This weekend, I was fooling around with my Windows Home Server machine (a very nice HP EX475 MediaSmart Server) and found myself forced to repeatedly reinstall the Windows Home Connector software on one of my client machines. As I would learn from HP Tech Support, I was as much a victim of my own stupidity or lack of careful consideration of my install environment–I’ll tell you what happened to me in a minute, and you can make that call–as I was a victim of limitations in the software itself.
But during my troubles with the WHS connector, I downloaded and read Microsoft’s Troubleshooting WHS Connector Installation document and also grabbed its Windows Home Server Toolkit at the same time (note: this link points to the 32-bit version; a separate download is available for the 64-bit version). The only error this collection of tools and information couldn’t address was a claim of a version mismatch between my client machine and the WHS box itself; because the client actually copies that software from the server, I was mystified as to how this could be the case.
As it turns out, my client is running AVG AntiVirus 8.0 Free edition, and there’s something about this software that prevents the WHS connector from running properly on that machine and talking to the WHS box itself. I could remote desktop to the WHS server from the client, but the connector would hang as soon as it got past the login screen where I provided the administrative password that normally gives me access to the WHS console. As it turns out, something about AVG blocks IP name resolution for the server, because once the HP guy helped me pinpoint the package as the source of trouble–I disabled it, and presto! the console login completed without a hitch–a little further research showed me that adding a line into the hosts file to equate the server name with its IP address would fix the problem. And sure enough, with AVG re-enabled and the host patch in place, everything is now working as it should be.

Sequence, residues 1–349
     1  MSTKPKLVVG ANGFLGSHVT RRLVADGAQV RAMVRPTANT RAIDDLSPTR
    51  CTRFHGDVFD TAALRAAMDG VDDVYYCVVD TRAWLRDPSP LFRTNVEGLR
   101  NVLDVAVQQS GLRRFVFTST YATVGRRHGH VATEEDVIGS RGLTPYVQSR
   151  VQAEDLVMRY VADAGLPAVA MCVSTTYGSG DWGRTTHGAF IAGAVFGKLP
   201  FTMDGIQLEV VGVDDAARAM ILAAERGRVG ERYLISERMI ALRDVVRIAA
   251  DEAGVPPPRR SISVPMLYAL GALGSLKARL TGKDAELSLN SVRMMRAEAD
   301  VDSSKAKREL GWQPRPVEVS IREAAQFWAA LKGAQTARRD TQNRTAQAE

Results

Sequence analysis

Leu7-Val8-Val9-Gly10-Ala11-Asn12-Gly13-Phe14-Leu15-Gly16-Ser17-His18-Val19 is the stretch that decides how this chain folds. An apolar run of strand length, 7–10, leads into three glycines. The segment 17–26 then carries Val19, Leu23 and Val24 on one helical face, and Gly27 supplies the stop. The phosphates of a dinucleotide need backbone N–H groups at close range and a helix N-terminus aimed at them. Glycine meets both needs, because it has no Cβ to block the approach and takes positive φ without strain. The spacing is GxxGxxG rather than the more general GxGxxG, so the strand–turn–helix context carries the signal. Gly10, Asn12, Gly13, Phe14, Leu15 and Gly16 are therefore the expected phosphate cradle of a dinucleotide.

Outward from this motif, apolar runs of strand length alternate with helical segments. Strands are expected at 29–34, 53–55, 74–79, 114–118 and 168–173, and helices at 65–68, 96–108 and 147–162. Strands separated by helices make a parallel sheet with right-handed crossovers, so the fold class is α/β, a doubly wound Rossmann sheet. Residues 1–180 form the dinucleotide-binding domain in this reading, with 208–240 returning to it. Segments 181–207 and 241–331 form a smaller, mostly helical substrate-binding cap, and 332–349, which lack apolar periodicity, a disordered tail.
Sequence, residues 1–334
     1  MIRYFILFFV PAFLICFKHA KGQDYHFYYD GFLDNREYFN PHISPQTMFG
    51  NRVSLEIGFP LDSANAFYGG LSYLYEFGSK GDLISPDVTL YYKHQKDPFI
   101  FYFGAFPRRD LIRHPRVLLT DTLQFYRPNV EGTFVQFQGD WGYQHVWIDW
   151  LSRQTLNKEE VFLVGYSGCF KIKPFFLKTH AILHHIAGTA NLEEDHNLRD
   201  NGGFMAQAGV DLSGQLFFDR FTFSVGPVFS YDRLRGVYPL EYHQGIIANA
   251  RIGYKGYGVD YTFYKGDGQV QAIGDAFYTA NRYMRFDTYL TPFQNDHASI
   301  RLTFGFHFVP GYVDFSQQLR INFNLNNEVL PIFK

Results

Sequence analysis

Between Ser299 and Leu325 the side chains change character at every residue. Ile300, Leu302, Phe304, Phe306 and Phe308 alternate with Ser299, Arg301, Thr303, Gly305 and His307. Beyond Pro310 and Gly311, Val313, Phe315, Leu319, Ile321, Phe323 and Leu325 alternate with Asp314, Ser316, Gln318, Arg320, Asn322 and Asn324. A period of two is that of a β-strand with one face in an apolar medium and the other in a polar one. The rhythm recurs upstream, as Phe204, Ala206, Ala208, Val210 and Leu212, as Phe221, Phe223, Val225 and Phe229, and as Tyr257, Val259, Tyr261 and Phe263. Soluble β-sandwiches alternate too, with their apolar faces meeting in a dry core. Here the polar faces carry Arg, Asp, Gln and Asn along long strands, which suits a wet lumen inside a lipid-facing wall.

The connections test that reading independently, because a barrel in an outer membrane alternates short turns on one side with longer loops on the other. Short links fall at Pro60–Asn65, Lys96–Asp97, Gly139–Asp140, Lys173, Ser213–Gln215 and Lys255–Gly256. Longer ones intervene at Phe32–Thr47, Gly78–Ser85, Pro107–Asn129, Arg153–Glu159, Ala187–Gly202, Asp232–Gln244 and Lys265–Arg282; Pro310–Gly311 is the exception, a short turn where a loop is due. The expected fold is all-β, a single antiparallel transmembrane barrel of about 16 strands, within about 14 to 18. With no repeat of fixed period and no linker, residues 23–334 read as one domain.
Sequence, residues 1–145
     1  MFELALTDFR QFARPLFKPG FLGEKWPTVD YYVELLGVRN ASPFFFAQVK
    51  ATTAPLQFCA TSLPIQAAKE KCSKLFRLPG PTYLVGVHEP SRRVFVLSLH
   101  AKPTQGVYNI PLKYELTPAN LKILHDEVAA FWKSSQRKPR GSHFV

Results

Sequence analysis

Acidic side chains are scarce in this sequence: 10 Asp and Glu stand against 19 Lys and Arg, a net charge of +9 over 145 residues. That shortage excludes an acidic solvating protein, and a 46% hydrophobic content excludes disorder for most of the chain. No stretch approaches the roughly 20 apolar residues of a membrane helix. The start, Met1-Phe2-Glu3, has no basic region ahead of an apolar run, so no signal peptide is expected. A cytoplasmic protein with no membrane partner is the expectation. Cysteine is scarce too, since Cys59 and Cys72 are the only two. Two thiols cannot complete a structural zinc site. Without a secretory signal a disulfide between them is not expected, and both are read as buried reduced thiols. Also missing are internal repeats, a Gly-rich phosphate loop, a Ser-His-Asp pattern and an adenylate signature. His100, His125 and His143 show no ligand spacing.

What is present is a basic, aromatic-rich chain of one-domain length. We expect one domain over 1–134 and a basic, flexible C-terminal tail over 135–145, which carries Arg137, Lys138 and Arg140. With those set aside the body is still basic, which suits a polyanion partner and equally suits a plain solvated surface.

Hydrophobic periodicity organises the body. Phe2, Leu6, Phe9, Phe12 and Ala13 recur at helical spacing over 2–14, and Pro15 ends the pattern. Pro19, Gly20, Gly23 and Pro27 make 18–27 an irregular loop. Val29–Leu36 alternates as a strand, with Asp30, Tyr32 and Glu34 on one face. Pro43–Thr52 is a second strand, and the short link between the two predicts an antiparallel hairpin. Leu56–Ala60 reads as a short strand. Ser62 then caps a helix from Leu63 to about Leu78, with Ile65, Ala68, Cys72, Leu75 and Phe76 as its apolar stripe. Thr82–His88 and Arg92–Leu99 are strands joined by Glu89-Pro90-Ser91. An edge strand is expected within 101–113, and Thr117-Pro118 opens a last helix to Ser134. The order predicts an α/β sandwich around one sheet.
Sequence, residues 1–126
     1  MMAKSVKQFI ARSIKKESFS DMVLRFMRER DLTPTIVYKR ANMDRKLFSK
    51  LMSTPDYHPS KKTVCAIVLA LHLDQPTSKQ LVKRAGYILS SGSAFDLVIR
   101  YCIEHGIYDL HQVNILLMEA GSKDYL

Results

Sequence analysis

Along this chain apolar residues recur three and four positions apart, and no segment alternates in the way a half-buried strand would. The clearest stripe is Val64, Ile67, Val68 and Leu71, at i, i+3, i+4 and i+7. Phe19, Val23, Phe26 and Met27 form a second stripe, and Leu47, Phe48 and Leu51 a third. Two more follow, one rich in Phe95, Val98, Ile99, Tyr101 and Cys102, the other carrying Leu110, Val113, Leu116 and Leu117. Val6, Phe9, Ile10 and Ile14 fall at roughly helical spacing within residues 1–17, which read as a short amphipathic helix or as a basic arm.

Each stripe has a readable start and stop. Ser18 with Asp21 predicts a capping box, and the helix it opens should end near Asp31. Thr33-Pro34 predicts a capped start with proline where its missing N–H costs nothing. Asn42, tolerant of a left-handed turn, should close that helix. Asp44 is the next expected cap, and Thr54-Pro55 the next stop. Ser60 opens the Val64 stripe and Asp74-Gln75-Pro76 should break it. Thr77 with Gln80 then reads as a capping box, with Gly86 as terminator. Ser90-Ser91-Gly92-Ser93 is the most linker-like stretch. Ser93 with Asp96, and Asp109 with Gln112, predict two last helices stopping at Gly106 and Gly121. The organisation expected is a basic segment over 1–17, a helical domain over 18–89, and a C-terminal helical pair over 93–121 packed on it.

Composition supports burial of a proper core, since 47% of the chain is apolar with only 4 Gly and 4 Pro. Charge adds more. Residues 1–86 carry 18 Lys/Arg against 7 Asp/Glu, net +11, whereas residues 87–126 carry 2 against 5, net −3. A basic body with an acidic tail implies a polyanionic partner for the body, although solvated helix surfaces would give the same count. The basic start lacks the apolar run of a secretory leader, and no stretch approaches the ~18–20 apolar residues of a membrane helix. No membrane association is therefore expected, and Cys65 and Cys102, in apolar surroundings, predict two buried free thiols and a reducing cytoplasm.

I hope you’re asking yourself by now: what the heck does this have to do with the WinPE Boot UFD in the title of this blog? As it turns out, the help instructions for cleaning up the mismatch error that the connector troubleshooter was reporting for my notebook PC includes these instructions “On your home computer, delete the %ProgramFiles%\Windows Home Server folder if it exists. Well, it existed all right, but when I tried to delete the directory or its contents, even when using “run as Administrator,” those files stubbornly resisted deletion.
WinPE Boot UFD to the test, and ultimately, to the rescue! First, I had to change the boot device order on my notebook to hit “USB Storage Device” first. With that handled, the laptop opened a standard black-and-white progress bar at the bottom of the display, and indicated “Windows is loading files. . .”. After a wait of about a minue, a standard “copyright Microsoft” light green progress bar flashed up for about 15 seconds, followed by a command window labeled Administrator: X:\Windows\system32\cmd.exe. To delete my resistant files I typed the following commands:
c: :: change to C:\ drive cd "C:\Program Files\Windows Home Server\" :: change to WHS directory del *.* :: delete all files cd .. :: move up one directory level del "Windows Home Server" :: delete WHS directory exit :: Close WinPE (reboots system)
Everything worked like a charm and when I went back to check to the drive with Vista rebooted, sure enough those files and the directory were gone. I’ve blogged earlier about using the Linux-based TRK environment to solve this same kind of problem; it looks like this is the right Windows tool to address the same difficulty without having to venture beyond the Windows umbrella.
I’ll be working with the WinPE Boot UFD every chance I get, and keep reporting back here. If you know of any other good uses, or have an interesting and related story to tell, post a comment and I’ll put in the hopper for future coverage and inclusion, too.